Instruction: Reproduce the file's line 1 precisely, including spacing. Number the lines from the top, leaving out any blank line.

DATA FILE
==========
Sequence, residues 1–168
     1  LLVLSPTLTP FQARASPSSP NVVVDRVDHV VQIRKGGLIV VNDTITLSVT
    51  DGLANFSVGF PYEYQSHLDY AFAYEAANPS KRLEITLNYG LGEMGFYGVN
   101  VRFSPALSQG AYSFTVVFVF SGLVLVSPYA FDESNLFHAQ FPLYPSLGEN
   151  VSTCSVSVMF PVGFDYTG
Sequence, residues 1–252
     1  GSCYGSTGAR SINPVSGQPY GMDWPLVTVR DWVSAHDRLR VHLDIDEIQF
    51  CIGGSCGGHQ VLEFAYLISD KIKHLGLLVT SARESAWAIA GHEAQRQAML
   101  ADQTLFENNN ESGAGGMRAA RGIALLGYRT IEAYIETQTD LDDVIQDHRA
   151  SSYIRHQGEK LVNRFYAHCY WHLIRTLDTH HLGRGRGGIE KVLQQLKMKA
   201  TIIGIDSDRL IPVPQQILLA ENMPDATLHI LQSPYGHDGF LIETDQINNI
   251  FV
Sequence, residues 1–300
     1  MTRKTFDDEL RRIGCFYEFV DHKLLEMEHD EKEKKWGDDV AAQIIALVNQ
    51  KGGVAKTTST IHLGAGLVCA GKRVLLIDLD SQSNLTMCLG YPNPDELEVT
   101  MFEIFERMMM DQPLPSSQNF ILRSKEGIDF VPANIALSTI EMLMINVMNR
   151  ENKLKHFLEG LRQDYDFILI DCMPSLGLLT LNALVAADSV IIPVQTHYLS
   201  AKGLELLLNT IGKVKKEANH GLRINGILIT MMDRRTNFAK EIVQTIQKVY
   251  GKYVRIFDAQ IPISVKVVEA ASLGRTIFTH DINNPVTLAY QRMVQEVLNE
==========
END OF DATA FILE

Sequence, residues 1–168